The antiquarians among us have a lot to thank self-made millionaire Sir Alan Sugar for: thanks to his Bafta award-winning TV show The Apprentice, in which 12 highly ambitious, single-minded young go-getters (with poorer listening skills than the average domestic pet) compete for a job within Sir Alan’s organisation, a near-obsolete term has been resurrected in the public consciousness.
Apprentices and apprenticeships are now firmly back in fashion, and to prove it the Learning and Skills Council (LSC) has this week announced the finalists for this year’s national Apprenticeship Awards. (Cue bickering, backbiting, swearing and protracted conversations on how exactly we are going to deploy the next ten minutes of our limited time.)
Meeting a Demand
With almost one in five jobs in England remaining vacant due to a lack of skilled candidates, the Awards recognise those employers who are successfully tackling this challenge by investing in apprentices. According to the LSC, this year’s Awards attracted a record 1,113 entries from “outstanding” candidates, including British Gas, Land Rover, Chesterfield Borough Council and Beere Electrical Services.
Stephen Gardner, Director of Apprenticeships at the Learning and Skills Council, himself a former engineering apprentice, commented that the announcement was especially timely as thousands of young people sit down to take their GCSEs and A Levels this week: “Many of these students will choose an Apprenticeship after their exams. These young people are the future of UK business and increasingly employers are choosing to recruit them through Apprenticeships. These Awards, which recognise the achievements of young people and employers, show why.”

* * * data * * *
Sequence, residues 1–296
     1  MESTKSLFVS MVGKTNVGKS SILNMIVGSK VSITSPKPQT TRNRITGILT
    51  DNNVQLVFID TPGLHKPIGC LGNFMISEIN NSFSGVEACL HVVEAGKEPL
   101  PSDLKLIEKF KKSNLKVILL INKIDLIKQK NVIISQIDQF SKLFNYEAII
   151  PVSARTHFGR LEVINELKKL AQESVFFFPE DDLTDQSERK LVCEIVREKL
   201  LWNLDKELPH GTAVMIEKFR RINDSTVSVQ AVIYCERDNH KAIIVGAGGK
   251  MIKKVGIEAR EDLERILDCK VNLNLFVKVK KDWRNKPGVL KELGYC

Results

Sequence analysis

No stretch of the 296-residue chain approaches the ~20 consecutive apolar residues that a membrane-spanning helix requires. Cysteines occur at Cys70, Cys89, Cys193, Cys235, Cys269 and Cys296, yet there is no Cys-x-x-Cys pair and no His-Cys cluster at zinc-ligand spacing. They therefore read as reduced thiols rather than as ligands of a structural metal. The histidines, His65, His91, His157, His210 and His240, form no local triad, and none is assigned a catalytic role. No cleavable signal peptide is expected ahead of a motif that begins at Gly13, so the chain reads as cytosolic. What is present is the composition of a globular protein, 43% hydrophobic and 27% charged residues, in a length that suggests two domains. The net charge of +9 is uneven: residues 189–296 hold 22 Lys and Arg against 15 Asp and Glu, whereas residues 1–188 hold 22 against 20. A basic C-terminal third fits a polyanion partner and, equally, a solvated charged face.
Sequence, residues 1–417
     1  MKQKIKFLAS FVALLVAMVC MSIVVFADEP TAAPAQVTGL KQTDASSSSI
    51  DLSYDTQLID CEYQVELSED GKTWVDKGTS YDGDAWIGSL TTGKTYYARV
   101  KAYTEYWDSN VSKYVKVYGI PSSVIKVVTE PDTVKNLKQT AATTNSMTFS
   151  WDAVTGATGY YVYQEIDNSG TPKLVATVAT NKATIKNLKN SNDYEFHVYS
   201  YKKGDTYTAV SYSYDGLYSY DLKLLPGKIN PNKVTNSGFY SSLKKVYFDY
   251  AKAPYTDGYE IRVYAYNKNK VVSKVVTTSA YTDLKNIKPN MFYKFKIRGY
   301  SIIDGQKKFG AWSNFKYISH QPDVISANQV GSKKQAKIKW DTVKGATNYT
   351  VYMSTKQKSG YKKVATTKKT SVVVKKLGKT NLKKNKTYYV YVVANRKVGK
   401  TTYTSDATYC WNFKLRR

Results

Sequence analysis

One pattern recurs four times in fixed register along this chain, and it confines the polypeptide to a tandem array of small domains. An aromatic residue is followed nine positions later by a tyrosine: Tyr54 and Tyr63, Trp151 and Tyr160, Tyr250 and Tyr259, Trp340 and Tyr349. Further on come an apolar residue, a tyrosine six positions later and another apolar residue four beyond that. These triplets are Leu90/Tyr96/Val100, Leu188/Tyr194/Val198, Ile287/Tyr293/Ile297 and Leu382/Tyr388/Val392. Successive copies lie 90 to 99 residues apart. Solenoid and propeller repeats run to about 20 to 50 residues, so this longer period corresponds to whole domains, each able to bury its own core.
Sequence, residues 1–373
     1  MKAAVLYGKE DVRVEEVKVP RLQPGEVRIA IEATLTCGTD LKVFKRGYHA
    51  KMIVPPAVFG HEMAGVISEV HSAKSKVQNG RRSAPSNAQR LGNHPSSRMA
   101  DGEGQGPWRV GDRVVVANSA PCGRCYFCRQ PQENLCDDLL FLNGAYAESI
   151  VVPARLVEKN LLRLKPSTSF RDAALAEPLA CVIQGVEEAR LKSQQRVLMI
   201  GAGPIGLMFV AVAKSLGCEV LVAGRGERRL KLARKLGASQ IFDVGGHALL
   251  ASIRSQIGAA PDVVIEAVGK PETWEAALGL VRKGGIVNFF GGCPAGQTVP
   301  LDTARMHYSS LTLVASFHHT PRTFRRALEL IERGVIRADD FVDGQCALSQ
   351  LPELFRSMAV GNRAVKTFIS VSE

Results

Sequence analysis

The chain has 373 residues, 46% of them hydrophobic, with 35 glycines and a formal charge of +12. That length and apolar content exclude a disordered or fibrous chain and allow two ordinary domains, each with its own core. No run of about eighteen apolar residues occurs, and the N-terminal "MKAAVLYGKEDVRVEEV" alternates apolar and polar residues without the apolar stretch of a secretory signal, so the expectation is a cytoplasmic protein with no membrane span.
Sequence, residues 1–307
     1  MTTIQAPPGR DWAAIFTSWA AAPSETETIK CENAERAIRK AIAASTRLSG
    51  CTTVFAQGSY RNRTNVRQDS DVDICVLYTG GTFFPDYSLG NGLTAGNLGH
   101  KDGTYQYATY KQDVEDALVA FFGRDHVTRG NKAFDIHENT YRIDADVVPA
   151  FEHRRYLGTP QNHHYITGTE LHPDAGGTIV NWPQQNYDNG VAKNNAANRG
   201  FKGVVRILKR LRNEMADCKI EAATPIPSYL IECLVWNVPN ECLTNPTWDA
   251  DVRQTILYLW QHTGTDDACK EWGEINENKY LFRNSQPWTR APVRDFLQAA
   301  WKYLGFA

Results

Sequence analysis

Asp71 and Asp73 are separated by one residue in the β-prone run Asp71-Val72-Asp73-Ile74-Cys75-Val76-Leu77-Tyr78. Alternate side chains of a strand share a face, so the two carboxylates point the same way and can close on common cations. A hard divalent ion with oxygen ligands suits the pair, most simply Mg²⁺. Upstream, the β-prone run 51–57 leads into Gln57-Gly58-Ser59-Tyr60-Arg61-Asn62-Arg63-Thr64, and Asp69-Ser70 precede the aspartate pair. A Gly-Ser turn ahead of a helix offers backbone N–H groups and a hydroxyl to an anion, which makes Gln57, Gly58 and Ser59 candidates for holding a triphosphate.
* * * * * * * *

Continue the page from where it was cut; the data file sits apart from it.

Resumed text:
A Serious Issue
While Sir Alan’s highly absorbing and often amusing series has done much to entertain us during the last two months, the fundamental premise of the show, to learn practical skills in a practical environment, remains a serious issue: with an explosion of students moving on to study academic subjects, in particular the arts and humanities, at university over the last decade, the entire education system has become heavily weighted towards the theoretical.
A lack of skilled practitioners to fill skilled vacancies is not the only, or most significant, consequence of this educational distortion; social status has also become largely dictated by one’s ability to claim inclusion within the academic, or a least pseudo-academic world (illustrated by a bunch of students smoking rollies, discussing the merits of socialism and how Big Brother epitomizes post-post modernist voyeurism).
Hopefully, with the raised profile of the skilled, and the practical as seen in the growth of apprenticeships, we will see a realignment of the dominant values of the education system.
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